Requesting agencies are generally going to be pushing for the highest levels of resources they can get; authorizers will attempt to control the process by which it gets spent by adding conditions and other requirements; and appropriators potentially exercise the ultimate authority by agreeing to dole out the money (or not). Some organizations involve multiple layers of authorization before the final appropriation is approved; others regularly grant budget requests with minimal debate over their particulars. Some actors play different roles at different times. Organizations with greater internal checks and balances will separate some or all of these functions into different offices or agencies in order to avoid a concentration of decision-making power in any one actor. Without this separation of powers, organizations can potentially end up with seriously distorted or unsustainable budgets — it’s why we generally don’t let employees independently set their own salaries or implementing agencies choose their own funding levels without some higher approval and oversight process.
Afghanistan Case: Since we’re dealing with the U.S. system here and how it spends money in Afghanistan, that means understanding Congress (which has control over the budget source in our system of government, public tax revenue) and how it works. There are a variety of different backgrounders floating around on this process that you can Google but, in brief, it begins with the various agencies of the executive branch — the State Department, Defense Department, USAID, CIA, etc — formulating their requests, which the White House reviews and presents as an annual budget proposal package, usually in February of the year. (With the exception of a very, very few programs, like Social Security or Medicare, Congress is extremely loathe to enact multi-year budget appropriations, and thus everything is up for renewal every year.) The budget proposal then goes to Congress (usually starting in the House of Representatives) where the action begins.
The two houses of Congress (the House and Senate) have a long-established committee system which divides up legislative jurisdiction over various issues facing the government. If you think that this system of jurisdictions might tend to encourage narrow parochialism among members and uneven standards of accountability across the multiple agencies that collectively contribute to American foreign policy, you’d be right! But in any case, these committees — like the Senate Foreign Relations Committee or the House Armed Services Committee — have the power to authorize spending at particular levels (which may be higher or lower than those sought by the requesting agencies), create new program accounts or agencies to spend money in the future, and introduce new laws related to their jurisdiction.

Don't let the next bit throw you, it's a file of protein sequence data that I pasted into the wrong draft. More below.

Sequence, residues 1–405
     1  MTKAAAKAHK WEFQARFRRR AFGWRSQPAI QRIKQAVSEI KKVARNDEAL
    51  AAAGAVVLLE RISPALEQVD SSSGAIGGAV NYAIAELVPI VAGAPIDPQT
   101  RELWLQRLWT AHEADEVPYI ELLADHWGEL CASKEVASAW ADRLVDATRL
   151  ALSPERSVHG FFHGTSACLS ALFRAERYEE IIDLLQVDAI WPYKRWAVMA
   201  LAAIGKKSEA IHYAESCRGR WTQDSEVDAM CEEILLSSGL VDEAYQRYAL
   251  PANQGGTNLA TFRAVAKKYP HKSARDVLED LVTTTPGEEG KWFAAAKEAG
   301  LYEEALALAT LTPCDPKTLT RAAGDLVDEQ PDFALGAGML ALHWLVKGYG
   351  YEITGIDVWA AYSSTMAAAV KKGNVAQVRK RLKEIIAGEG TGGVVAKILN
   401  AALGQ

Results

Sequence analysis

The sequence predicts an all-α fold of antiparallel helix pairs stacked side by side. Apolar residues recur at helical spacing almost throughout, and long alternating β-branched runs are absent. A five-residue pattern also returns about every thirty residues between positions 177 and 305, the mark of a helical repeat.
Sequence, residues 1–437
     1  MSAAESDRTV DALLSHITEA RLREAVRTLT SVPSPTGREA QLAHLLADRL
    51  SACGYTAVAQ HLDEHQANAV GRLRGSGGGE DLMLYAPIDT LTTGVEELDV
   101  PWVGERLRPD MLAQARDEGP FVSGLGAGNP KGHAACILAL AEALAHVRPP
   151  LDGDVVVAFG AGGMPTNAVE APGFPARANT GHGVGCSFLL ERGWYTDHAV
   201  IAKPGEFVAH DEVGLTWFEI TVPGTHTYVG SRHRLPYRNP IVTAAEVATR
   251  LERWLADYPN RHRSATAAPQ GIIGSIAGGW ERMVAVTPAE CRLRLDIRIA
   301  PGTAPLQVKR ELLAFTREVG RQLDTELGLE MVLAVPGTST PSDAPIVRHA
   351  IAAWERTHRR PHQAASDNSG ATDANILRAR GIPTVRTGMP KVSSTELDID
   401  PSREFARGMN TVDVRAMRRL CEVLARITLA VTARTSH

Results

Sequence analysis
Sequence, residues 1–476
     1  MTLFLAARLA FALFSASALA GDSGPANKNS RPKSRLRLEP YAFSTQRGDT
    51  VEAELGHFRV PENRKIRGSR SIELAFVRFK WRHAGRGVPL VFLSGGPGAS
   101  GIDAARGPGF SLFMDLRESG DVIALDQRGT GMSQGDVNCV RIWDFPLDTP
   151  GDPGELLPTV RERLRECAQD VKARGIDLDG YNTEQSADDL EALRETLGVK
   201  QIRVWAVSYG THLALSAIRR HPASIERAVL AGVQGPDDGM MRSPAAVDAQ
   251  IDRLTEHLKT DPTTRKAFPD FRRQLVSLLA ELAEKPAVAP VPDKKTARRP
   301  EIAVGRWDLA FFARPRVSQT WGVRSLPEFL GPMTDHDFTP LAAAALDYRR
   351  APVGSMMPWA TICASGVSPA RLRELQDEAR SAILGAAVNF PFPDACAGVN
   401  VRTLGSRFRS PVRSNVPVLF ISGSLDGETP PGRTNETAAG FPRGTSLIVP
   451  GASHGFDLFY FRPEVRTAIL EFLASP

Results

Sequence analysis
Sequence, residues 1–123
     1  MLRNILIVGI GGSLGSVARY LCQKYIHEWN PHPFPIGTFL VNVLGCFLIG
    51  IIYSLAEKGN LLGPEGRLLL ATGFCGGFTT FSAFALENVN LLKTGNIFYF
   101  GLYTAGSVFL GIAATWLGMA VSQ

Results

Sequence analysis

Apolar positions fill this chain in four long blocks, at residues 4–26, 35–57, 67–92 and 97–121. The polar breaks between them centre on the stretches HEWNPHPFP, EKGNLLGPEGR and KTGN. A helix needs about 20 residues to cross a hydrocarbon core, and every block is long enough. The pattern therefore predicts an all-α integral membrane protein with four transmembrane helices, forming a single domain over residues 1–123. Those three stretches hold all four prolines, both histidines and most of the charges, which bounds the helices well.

These can come in a big legislative package (the FY 2012 Defense Authorization Bill, for example) or in bills dealing with a particular country, conflict, or program (the Kerry-Lugar-Berman bill authorizing expanded civilian assistance to Pakistan, for example). Authorization bills for the major categories of the U.S. government budget are supposed to pass every year and given the Congressional logjam, most smaller initiatives tend to get glommed onto them by amendment. It’s worth noting that the foreign aid authorization process in particular has been broken for the past several decades, effectively forcing State and USAID to rely on the same basic program accounts since the 1960s or otherwise on irregular, narrowly-focused legislation (like the aforementioned Kerry-Lugar-Berman) that amends this piecemeal. The act, as amended through 2002, can be found here.
The authorizing committees’ powers are separated from those on the Appropriations Committees and their various subcommittees (which deal separately with Defense, Foreign Operations, etc) who hold ultimate decision on the release of funds, which cannot be higher than the levels authorized by the authorizations process but can sometimes be considerably lower. Although they can’t technically enact anything that doesn’t have a specific monetary angle attached to it, Appropriations committee members are the ones who release the funds and not coincidentally tend to be the longest-serving (in a seniority system) and most powerful members of Congress.
Any legislation, including appropriations bills, that passes through committee has to go on to pass the full House or Senate (where it is potentially subject to further amendment) and then has to pass in a matching version in the other house of Congress. Any discrepancies in the two final bills have to be ironed out in a conference committee appointed by House and Senate leadership and then pass again in both branches of Congress. The THOMAS legislative search engine will be your friend when tracking all of these bills.
Protip: The “power of the purse” is Congress’ biggest institutional prerogative, but once budget funds are officially released to fund a particular program or agency, its ability to actually control how money is used can be limited, particularly in matters of foreign policy where the executive branch has wide leeway (and where Congressional ability to conduct oversight has been poor). “Sense of Congress” statements or Congressional “findings” that express a preference on how the money gets used are common, but generally speaking are not going to be binding. Congressional committees can threaten not to fund a budget account in the future their members don’t like how the administration is using its money, but this makes for a rather blunt policy instrument.